May 7, 2019, was the first time I had cried since 2010.
There was one more time I have cried since then, but in that span between 2010 when my dog died and that day last spring, I had been through deaths in the family, breakups with my first long-term girlfriend, depressive episodes and financial hardships without shedding so much as a single tear.
When a certain corner kick was taken quickly by Trent Alexander-Arnold found the foot of Divock Origi and consequently the back of the net, I sobbed more tears than I ever have in my entire life.
That goal is what sealed the fate of what is now known as “the miracle of Anfield.” Down 3-0 in the second leg of a Champions League tie against Barcelona, a Liverpool side with a heavily rotated starting 11 managed to get four goals past the Spanish side and send themselves through to their second consecutive Champions League final.
There have been plenty of amazing comebacks in Champions League history — Barcelona’s 6-1 win over Paris Saint Germain, Roma’s 3-0 win over Barcelona, Manchester United’s very late 2-1 comeback against Bayern Munich in the final — but none so uniquely represented their club and their fans than Liverpool’s 4-0 last May.
It was hard not to fall in love with Liverpool Football Club. To be honest, I don’t even remember what the first game I watched was. I remember watching a game in 2013 when I got home from school my senior year, however, no fixtures would’ve been played that late in the afternoon, nor would it be played on a weekday.
I remember the names: Luis Suarez, Steven Gerrard, Phillipe Coutinho, Daniel Sturridge and Martin Skrtel. I swear it was against Manchester City, but maybe it was Chelsea. Regardless, it was decided then and there — I am a Red.
I knew that I wanted to follow the sport after the 2012 Euros, but had no clue about which team I would support. That’s the funny part about following English Premier League soccer as an American — in England you’re just born into a club, in the states you get to carefully decide.
Liverpool caught my eye because it’s where The Beatles were from, and it’s where I thought the English side of my family was from (they’re actually from Lancashire and would maybe have been Blackburn supporters, or so I am told).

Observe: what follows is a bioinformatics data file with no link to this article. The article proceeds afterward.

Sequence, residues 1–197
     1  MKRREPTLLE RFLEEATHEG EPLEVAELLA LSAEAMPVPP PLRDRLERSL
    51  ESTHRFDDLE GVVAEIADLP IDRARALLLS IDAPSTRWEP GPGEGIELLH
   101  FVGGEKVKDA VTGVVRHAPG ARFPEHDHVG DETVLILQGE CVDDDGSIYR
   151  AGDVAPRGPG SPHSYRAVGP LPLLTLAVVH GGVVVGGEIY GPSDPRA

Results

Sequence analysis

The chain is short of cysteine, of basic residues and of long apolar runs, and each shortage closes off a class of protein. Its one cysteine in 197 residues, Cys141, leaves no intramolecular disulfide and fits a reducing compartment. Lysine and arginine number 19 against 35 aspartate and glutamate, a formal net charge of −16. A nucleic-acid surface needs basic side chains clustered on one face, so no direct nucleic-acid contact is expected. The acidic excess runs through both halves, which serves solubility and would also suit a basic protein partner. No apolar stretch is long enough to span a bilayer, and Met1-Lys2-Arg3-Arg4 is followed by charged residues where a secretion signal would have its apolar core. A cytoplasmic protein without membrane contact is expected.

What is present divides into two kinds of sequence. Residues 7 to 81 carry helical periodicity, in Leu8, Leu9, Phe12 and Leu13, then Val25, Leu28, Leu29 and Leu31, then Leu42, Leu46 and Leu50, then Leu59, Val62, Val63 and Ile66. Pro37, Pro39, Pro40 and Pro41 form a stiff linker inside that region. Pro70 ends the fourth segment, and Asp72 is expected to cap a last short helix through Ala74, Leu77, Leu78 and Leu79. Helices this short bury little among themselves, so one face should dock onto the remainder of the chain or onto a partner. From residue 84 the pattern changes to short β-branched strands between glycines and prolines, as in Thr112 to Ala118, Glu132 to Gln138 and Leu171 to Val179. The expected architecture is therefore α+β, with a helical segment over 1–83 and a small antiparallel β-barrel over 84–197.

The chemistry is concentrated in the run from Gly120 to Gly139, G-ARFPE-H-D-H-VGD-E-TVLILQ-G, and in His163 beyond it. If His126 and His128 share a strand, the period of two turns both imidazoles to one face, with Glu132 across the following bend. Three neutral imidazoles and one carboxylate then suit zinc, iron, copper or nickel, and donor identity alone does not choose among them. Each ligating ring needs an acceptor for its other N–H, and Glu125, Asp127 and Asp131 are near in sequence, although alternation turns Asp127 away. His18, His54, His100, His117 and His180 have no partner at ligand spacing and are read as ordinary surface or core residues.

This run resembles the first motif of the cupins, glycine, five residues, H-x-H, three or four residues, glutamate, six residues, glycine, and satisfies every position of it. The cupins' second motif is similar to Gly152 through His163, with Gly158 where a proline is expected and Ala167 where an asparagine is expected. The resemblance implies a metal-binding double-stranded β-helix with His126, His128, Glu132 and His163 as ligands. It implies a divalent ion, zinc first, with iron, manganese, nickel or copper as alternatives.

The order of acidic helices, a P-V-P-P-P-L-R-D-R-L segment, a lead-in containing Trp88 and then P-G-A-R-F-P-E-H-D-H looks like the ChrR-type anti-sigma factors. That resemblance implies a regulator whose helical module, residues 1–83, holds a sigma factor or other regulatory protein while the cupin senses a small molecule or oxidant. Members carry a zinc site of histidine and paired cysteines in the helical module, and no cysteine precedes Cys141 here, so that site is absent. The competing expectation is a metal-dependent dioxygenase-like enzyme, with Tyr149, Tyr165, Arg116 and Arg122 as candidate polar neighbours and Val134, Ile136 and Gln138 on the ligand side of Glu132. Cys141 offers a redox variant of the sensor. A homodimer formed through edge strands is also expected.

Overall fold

I knew the good teams at the time (Manchester United, Chelsea, Arsenal) but I didn’t want to be a bandwagoner. Little did I know that I was jumping into a club that has one of the most decorated trophy rooms, and storied pasts, in English history.
Although I had a brief introduction to the team, it was difficult to keep my interest up week in and week out without a community to talk about the team with. I would turn a game on here or there when I saw it was on, but I really had no context for what weight the game carried. Regardless, it was nice having a team to support.
It wasn’t until 2017 that I finally found a community in the subreddit r/LiverpoolFC. The Reddit page now has 245,000 active members, many of them American with similar stories like mine in how they came to love the Reds.
However, not following the team as keenly as I do now meant that I lost out on moments that truly define what it means to support Liverpool in their current era. Moments like the infamous slip that lost the 2013/14 title, Jürgen Klopp’s managerial appointment, The 5-4 game against Norwich, the home leg against Borussia Dortmund in the Europa League and Sadio Mané’s debut goal against Arsenal.
The 2016/17 season ended with a much-needed win against Middlesborough that secured Liverpool a spot in the Champions League. Klopp’s initial statement to fans he said when he came in, to “change doubters into believers,” was coming true. Liverpool were in Europe again.
The 2017/18 season was an exciting season to get my feet wet in becoming a diehard Liverpool supporter. Over the summer of 2017, Liverpool bolstered its front line with the signing of Mohamed Salah, strengthened its midfield with Alex Oxlade-Chamberlain and secured a much-needed left-back in Andrew Robertson.
Klopp’s “heavy metal football” was being implemented to complete perfection. His geggenpress system needed the right players to work and he shaped the squad into a perfect image of his tactics and, more so, it was exciting to watch.
The 4-3 win over a Man City side that had yet to lose and was running away with the title stands out as the epitome of what Liverpool was in that season. They were swashbuckling, overpowered, goal-crazed maniacs on offense, but were flawed with defensive mistakes and desperately needed a defensive spine.
In stepped defensive behemoth Virgil Van Dijk. The new No. 4, signed in the January transfer window for a record-breaking $100 million from Southampton, gave Klopp and his men the defensive stability and calmness they so sorely lacked.